Last month, The New York Times and TIME magazine both ran articles that reported on new research for a diabetes drug called Actos (pioglitazone). According to the new research, men and women with elevated blood sugar levels who took Actos were less likely to develop diabetes than a placebo group.
Now, you can make the case that the reporters wrote balanced arguments concerning the use of Actos for diabetes. In fact, both reporters raised concerns about giving a diabetes drug to patients without full-blown diabetes. Plus, both reporters warned you about the drug‘s very serious side effects.
But there's one major problem with both articles: They fail to point out a key flaw in the new research on prescribing Actos for diabetes. In fact, the results of this study are so shaky, TIME and The NYT had no business giving it any ink. (You‘ll learn exactly why the results are so shaky in a moment, I promise!)
But first, I want to point out something about Big Pharma...
The new Actos research reflects Big Pharma's new marketing strategy. Don‘t just take our drugs to treat disease. Take them before you develop the disease too! Unfortunately, the national news media seems all too willing to take this strategy seriously. But, in my book, it‘s all about boosting sales.
Here‘s what they don't tell you...
Actos's patent expired in January of this year. But Takeda Pharmaceuticals -- the company that makes Actos -- struck a deal to delay entry of generic versions of the drug until August 2012.
So, this is the company‘s last-ditch effort to boost sales of Actos for diabetes over the next 12 months. Get men and women who don‘t have diabetes to take a diabetes drug. What a novel idea! Is it any surprise, then, that Takeda Pharmaceuticals partially funded this bogus study? Yep. Who didn‘t see that coming from a mile away?
The good news is there are lots of ways to prevent diabetes without resorting to a drug like Actos. In fact, a new study proved that even small amounts of one key mineral could lower your blood sugar by nearly 10 percent. I‘ll tell you all about that study in a moment, but first let‘s look at the details of the latest Actos research...
Study raises red flags from the start
U.S. researchers gave Actos to 602 men and women with pre-diabetes for two years. (To be clear, these folks did not have full-blown diabetes, just elevated blood sugar levels.) During that time, 7.6 percent of the volunteers who took a placebo developed diabetes. By comparison, only 2.1 percent of volunteers who took Actos developed diabetes.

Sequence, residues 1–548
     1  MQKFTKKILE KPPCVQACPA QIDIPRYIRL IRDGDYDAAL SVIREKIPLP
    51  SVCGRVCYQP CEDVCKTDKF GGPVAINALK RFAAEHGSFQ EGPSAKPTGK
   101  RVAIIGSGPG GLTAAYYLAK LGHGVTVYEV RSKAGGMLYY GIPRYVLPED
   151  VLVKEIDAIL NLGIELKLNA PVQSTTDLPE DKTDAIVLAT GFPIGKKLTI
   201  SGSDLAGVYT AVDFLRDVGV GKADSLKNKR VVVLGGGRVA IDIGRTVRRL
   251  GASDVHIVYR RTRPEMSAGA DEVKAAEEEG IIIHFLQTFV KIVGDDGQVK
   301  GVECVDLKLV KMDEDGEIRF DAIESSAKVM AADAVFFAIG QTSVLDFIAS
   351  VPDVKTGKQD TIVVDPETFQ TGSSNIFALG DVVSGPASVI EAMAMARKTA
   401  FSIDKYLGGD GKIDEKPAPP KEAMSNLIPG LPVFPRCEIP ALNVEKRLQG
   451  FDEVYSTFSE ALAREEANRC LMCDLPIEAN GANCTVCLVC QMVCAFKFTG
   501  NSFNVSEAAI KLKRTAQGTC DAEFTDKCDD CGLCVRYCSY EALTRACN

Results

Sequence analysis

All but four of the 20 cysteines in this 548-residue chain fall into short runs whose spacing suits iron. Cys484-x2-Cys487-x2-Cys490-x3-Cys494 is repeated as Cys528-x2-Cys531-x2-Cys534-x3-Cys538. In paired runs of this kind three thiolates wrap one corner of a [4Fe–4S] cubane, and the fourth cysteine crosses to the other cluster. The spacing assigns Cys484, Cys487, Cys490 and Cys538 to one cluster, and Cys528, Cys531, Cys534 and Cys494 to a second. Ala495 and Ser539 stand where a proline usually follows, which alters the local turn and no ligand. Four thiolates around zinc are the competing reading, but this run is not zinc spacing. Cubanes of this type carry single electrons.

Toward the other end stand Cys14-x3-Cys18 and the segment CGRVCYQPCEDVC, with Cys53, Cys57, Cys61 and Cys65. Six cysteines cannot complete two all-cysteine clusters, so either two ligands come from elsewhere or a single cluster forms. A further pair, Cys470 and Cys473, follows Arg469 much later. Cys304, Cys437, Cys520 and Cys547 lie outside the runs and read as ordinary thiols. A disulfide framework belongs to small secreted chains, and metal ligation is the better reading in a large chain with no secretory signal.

According to TIME and The NYT, this means volunteers who took Actos reduced their risk of developing diabetes by 72 percent.
Sounds great, right?
The lead researcher for the study called these results "astounding."
Well, not so fast Dr. Ralph A. DeFronzo. Let's look at the results from your study using the raw data.
Here's what really happened in your "astounding" study that looks at taking Actos for diabetes...
Of the 602 men and women who started the study, 10 patients who took Actos developed diabetes. On the other hand, 45 patients who took the placebo developed diabetes.
So...we‘re talking about a total difference of 35 people! Just 35 people.
Talk about ignoring the big fat elephant in the room. Did the reporters omit this information because it lessens the argument? I can‘t be sure but what I do know is that the mainstream press needs to take a long hard look at the study data.
There are 300 million pre-diabetics living in the U.S. alone. Should we really even consider giving this drug to any of them based on the results that 35 fewer people developed diabetes? In my opinion: No.
I don‘t care how much The NYT and TIME warned their readers about weight gain and fluid retention. When you leave out a key piece of information like that, you‘ve really dropped the ball.
And that‘s not all...
Actos linked to heart risk and bladder cancer
Many people consider Actos a safer alternative to other diabetes drugs, but it‘s not. Here‘s why...
It belongs to the same class of drugs as Avandia. As you‘ll recall, the FDA greatly restricts the use of Avandia because it may increase your heart attack risk. So, how about Actos? Could it increase heart attack risk too?
Of course, it could.
In fact, a 2010 study found that Actos caused as many heart problems as Avandia. Plus, the FDA is investigating a link between Actos and bladder cancer. I suspect they will find the longer you take Actos, the greater your risk.
Now, I promised you some good news in this whole mess. And here it is: there are non-drug solutions to getting your blood sugar under control...
Tackle diabetes naturally
First off, there's diet and exercise. As I mentioned earlier, this can cut your diabetes risk by 58 percent. Plus, a new study found that magnesium might help too.
For this study, researchers divided 52 men and women with diabetes into two groups. One group got 365 mg of magnesium per day for six months. The other group got a placebo. Overall, the magnesium group improved in two out of three tests for insulin sensitivity. Plus, their blood sugar levels after fasting improved by about seven percent.
Though this study is small in scope, researchers point to large-scale meta-analysis that confirms their results. In that analysis, researchers found that men and women lowered their diabetes risk by 15 percent with each 100 mg of magnesium taken. So, just think...taking 300 mg magnesium each day could lower your risk by 45 percent. Not too shabby.
If you want to learn more about how to lower your diabetes risk without drugs, go back and look at my Guide to Good Health from 8-12-10. In this report, you‘ll find 3 important steps you can take to improve your blood sugar control.